A Troubling Scenario...
I am planning to travel soon and I can't help but think that somehow, someway, that I or my luggage, may be subjected to one of them thar "random searches" being conducted by the NYPD. Now, I don't dread this slightly annoying, but seemingly necessary, event because I have anything to hide --- I won't be carrying drugs, firearms, explosives or a vial of deadly bacteria, I dread it because of the stupidity that sometimes rules these "random" searches.
Let's say, for the sake of example, that I'm standing there in Pennsylvania Station, patiently awaiting my train (which will invariably be late). I will be alone, probably with my luggage close to hand, and seeming to be nervous because I would rather be moving than standing still. Meanwhile, not 10 feet away from me, there will be a Middle Eastern-looking man, reading aloud from the Koran and wearing a parka in August.
According to the rules of "random" searches, the police would not be able to search the other man because that would be "racial profiling". Unless he commits some overt act that would give the police cause to investigate him or his behavior, the fervor to be seen as "culturally sensitive" or "fair", would give him a free pass. Should he pull a grenade from inside of his parka, however, it's a different story. In other words, in order to avoid charges of "racial profiling" or "violating" the man's "civil rights", he would not be the first target of a "random" search.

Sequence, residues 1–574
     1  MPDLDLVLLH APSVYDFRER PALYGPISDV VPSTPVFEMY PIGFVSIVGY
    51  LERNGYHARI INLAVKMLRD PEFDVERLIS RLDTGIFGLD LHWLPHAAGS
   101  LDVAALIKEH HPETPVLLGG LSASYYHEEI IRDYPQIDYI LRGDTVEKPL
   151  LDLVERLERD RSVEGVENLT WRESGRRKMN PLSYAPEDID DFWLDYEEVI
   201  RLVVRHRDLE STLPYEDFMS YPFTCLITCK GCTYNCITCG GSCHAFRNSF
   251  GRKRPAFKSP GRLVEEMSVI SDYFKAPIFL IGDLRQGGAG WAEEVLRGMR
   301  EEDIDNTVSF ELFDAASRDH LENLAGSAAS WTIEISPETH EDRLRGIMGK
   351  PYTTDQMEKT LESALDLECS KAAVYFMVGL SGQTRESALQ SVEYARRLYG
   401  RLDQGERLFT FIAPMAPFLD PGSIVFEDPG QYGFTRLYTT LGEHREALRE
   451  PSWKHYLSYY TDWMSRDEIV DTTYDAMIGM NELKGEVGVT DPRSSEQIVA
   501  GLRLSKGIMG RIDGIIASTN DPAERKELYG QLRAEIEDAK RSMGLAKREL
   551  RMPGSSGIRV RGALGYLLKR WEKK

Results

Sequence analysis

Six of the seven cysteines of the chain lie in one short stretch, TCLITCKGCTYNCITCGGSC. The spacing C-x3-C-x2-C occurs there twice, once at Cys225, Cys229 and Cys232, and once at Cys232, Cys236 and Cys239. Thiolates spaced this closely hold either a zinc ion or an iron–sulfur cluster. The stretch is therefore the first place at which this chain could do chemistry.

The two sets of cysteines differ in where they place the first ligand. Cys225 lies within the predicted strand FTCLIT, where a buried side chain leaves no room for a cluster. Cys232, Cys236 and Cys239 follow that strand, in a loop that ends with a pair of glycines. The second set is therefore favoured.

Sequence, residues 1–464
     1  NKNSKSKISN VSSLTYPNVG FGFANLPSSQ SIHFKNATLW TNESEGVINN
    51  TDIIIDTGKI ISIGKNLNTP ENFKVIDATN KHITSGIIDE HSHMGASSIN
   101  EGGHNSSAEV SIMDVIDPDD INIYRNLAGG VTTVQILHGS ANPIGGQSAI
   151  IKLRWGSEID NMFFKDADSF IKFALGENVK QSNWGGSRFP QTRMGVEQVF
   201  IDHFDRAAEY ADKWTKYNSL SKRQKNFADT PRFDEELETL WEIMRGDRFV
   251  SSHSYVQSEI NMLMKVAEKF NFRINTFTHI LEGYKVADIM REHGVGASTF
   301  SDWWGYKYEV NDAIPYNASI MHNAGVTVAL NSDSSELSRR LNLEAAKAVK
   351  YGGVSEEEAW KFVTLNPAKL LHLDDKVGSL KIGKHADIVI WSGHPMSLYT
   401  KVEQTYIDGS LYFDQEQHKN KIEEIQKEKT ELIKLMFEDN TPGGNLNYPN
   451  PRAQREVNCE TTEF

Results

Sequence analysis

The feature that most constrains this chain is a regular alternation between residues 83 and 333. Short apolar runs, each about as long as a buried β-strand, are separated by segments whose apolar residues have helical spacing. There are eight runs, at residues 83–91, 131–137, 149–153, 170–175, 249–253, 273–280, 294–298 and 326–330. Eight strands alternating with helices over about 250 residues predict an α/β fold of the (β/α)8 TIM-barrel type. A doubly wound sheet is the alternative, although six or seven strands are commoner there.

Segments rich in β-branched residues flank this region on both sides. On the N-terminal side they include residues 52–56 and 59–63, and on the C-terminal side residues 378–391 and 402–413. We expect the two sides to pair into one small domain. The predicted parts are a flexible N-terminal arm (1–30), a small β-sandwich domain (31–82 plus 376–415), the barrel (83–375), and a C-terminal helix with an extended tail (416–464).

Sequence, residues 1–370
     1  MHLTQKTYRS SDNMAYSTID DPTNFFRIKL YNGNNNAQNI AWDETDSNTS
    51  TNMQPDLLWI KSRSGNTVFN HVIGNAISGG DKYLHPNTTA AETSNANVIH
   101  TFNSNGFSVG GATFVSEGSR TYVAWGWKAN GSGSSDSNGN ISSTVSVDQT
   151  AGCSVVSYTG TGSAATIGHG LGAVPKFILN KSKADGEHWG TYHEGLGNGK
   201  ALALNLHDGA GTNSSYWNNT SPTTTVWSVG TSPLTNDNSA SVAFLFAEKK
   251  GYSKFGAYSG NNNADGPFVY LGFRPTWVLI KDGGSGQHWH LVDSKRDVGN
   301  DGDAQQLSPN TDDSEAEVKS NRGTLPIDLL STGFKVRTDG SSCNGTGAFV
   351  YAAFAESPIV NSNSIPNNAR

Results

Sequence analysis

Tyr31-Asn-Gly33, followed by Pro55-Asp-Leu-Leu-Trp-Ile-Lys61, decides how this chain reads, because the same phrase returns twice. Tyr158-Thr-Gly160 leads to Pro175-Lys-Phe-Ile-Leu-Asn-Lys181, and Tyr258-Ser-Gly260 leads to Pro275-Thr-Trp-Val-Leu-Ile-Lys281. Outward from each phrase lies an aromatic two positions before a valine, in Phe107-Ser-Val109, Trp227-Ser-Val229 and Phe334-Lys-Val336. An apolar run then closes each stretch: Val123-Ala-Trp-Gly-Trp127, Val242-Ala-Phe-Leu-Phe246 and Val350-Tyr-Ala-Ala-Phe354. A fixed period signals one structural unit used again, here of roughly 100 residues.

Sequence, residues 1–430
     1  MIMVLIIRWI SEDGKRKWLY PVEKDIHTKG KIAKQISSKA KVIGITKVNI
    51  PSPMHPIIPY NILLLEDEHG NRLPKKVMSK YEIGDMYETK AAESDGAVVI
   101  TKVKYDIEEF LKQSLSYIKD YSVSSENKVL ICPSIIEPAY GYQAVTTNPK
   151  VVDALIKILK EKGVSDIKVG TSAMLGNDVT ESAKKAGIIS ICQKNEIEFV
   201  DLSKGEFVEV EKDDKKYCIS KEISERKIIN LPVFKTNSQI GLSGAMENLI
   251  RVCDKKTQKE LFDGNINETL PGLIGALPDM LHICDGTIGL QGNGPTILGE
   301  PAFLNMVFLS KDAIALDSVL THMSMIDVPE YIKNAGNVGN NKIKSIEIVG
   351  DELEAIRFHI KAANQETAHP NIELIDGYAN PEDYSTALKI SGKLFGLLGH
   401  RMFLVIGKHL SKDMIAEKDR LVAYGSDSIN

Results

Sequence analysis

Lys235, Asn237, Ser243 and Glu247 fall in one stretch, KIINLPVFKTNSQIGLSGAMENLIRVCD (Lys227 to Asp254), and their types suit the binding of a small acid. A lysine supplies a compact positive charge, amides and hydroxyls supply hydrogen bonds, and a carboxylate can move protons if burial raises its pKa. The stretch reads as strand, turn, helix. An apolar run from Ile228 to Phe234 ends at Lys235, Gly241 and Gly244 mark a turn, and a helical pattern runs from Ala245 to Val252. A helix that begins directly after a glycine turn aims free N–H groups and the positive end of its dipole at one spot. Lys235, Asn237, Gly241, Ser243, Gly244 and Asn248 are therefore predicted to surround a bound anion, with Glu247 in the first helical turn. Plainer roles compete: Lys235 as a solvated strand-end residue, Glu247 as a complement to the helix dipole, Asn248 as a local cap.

But I'm a white male, so I'm fair game.
You know, there was a time in this country when the police were expected (and encouraged) to act upon the obvious. If a police officer saw a scruffy, shabilly-dressed man walking the streets of Forest Hills at 3 a.m., a television set in his arms, they would have assumed that he had just burglarized someone's home. Nowadays, any lawyer worth his salt would merely claim the man was an eccentric who liked to take his television out for late night walks. In other words, if the police merely went by what decades of experience in crime fighting had taught them, this man would have been "profiled". Profiling is bad juju.
What would you think if you saw two young white men, double-parked in a Mercedes with New Jersey plates, on a street in Harlem after midnight? In the old days, you would think that perhaps these were two young men who left the suburbs to buy drugs. They certainly are not there to visit their sick aunt.
In days past, when the police acted when faced with such situations, it was known as "doing their jobs". In this day and age, a police officer has very little latittude and has to wait until he witnesses an overt act. Very often, that overt act leads to someone being hurt or killed and the police acting after the fact.
So, as New Yorkers "voluntarily" open their briefcases and suitcases for police who are looking at everyone except those that can reasonably be expected to be up to no good, I can solace in the fact that such activity just might --- might --- turn up the odd psychopath who in days past would have merely shot up the Post Office. However, the chances of capturing a terrorist or preventing a terrorist act are the same as me growing wings and laying golden eggs, or of Ted Kennedy passing up a free-bourbon-and-sex-starved-secretary party: slim to sodding none.
While it's nice to be "culturally sensitive", in this case it's damn near suicidal.